When Wayne Budd was growing up in Springfield his father wanted him to be a dentist.

“We had black dentists in our city and they seemed to be doing well,” Mr. Budd said of his father’s encouragement. “He said ‘you should be a dentist,’ because there was a pathway.”

Instead Mr. Budd, 80, chose his own path, turning to the law for a career and becoming a trailblazer in his profession. In 1980 he was named president of the Massachusetts Bar Association, becoming the first person of color to head a state bar association. In 1989, he was appointed U.S. Attorney for the district of Massachusetts, making him the top prosecutor in the state and the only black U.S. attorney at the time.

On a recent afternoon in a sitting room in his East Chop home, which he and his wife Jacqui have owned since 1987, Mr. Budd looked back on his career with pride.

“Professionally I have no regrets,” he said.

Throughout his career, Mr. Budd also helped break down barriers for other lawyers of color. In the late 1960s, soon after his legal career began, Mr. Budd co-founded the firm Budd, Wiley & Richlin as a way to provide opportunities for lawyers of color in Boston. It was a small firm of roughly 15 people and the majority of the founding partners were black. It became a launching pad for Mr. Budd’s career and people who looked like him, he said. His colleagues went on to become general counsels, managing partners at large corporate firms and district attorneys.

“I’m proudest of the fact that the firm, during the time it was in existence, did very well, but even more so the fact that so many of the people in the firm went on to do some significant things,” Mr. Budd said. “We’re all very close friends, like family.”

He said he enjoyed the independence of being a United States attorney.

“It’s like being a ship’s captain at sea. You’re given certain guidelines…but within that, you can decide what your priorities are going to be, you can decide how you carry out your mission.”

During Mr. Budd’s tenure, cities around the country were plagued by drug abuse, poverty and gun violence, he said, and Massachusetts was no exception. Community members tired of the violence in their neighborhoods asked Mr. Budd for help. He made it his mission to prosecute high-level drug dealers, including Darryl Whiting, a notorious gang leader who boasted he would never be caught. He lured children with gifts to bring them into the drug trade, Mr. Budd said.

“There was a major magazine article in which he said, ‘nobody can touch me, I’m God,’’’ Mr. Budd said. “Well, we figured out a way to do it.”

Mr. Whiting was convicted of running a 100-person drug ring and received a life sentence in 1990. At the trial, an undercover agent said Mr. Whiting preyed upon drug-addicted mothers.

“It was pretty satisfying, because we did some good,” Mr. Budd said.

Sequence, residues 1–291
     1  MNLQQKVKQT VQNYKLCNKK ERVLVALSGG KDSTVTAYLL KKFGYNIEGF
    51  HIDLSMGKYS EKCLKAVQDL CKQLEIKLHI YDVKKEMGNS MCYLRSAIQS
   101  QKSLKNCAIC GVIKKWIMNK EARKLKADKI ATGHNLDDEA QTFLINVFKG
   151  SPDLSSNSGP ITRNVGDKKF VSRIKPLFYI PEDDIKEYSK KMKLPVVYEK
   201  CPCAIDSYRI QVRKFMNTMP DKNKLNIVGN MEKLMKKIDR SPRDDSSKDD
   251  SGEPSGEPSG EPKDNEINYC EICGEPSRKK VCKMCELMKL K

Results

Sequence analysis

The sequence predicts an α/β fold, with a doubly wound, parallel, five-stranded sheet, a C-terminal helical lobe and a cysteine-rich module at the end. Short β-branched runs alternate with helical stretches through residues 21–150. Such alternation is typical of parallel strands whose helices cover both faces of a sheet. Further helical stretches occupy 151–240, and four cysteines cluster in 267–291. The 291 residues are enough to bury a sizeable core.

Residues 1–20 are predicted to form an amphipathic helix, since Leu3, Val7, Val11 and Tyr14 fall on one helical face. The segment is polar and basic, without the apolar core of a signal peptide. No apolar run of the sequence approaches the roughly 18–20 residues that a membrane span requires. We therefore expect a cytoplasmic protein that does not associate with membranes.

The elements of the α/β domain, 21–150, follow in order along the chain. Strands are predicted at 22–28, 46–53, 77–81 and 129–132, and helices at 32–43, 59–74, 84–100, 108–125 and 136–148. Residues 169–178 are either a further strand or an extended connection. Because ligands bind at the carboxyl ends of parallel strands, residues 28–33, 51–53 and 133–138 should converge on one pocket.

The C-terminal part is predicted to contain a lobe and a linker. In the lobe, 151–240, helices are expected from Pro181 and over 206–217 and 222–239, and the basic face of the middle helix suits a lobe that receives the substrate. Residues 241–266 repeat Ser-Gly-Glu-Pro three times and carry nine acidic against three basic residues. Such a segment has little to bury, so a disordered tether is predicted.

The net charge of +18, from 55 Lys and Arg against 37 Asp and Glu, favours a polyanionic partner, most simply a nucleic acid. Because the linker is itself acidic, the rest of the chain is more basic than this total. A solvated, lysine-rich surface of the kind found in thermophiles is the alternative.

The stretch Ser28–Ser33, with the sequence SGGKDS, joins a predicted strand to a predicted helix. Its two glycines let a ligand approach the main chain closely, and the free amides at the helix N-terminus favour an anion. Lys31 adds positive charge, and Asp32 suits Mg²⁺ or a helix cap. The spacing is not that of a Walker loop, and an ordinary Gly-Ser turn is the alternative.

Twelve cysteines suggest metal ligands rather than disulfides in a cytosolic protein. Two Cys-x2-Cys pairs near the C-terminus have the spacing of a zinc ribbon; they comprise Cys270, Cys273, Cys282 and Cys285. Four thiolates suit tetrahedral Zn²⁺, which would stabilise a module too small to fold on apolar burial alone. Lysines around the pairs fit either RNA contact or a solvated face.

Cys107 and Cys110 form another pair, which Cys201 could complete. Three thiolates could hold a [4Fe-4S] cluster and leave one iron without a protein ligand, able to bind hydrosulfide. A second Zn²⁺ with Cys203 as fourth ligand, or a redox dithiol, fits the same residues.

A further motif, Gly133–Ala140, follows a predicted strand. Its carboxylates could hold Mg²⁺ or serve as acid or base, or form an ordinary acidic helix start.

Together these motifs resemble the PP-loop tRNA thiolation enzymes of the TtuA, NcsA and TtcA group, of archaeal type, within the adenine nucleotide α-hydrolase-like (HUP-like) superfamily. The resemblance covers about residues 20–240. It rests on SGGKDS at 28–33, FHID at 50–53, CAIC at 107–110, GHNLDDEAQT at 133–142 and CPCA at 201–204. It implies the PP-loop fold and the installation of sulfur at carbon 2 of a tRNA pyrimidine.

In 1992, he was appointed Associate Attorney General in the Justice Department. Mr. Budd said that it was William Barr, serving his first stint as Attorney General at the time, rather than President George H. W. Bush, who went to bat for him.

“I haven’t worked with Mr. Barr in many, many years, but when I worked with him, he was just fine,” Mr. Budd said. “He wasn’t the guy that I observe from a distance [now].”

At the Justice Department, Mr. Budd oversaw the federal prosecution of police officers caught on camera beating up Rodney King in Los Angeles in 1991. The officers were acquitted in a state trial and it was Mr. Budd’s decision to try them in federal court. It wasn’t an easy decision, he said.

“Suppose we had not brought that case? People would be clamoring ‘why aren’t the Feds in here?’” he said. “Suppose we brought it and lost–did you stir up more trouble? Did you hit the wasp’s nest and cause a hullabaloo? So it was kind of tricky.”

In the end two of the four officers were found guilty. Recalling that time, Mr. Budd deferred credit for the two convictions to the trial lawyers.

“The people who did the real work should get the real credit,” he said.

After his time in government, Mr. Budd returned to private practice. Then in 2020 then-Boston Mayor Marty Walsh asked him to lead a task force to recommend reforms to the Boston Police Department.

“We had a good team, a good group of people that the mayor appointed,” he said.

Mr. Budd has three daughters: Keri, Kristy and Kimberly. Kimberly Budd has picked up the torch from her father: in 2020 she was appointed the chief justice of the Massachusetts Supreme Judicial Court, the first black woman to hold that position.

“When I became a lawyer, many years ago now, over 50 years ago, that court was made up of old white men,” he said. “Now to see Kim up there in charge of that court…it’s just a great feeling of sort of completion for me. To see her carry it on to the next level is phenomenally gratifying.”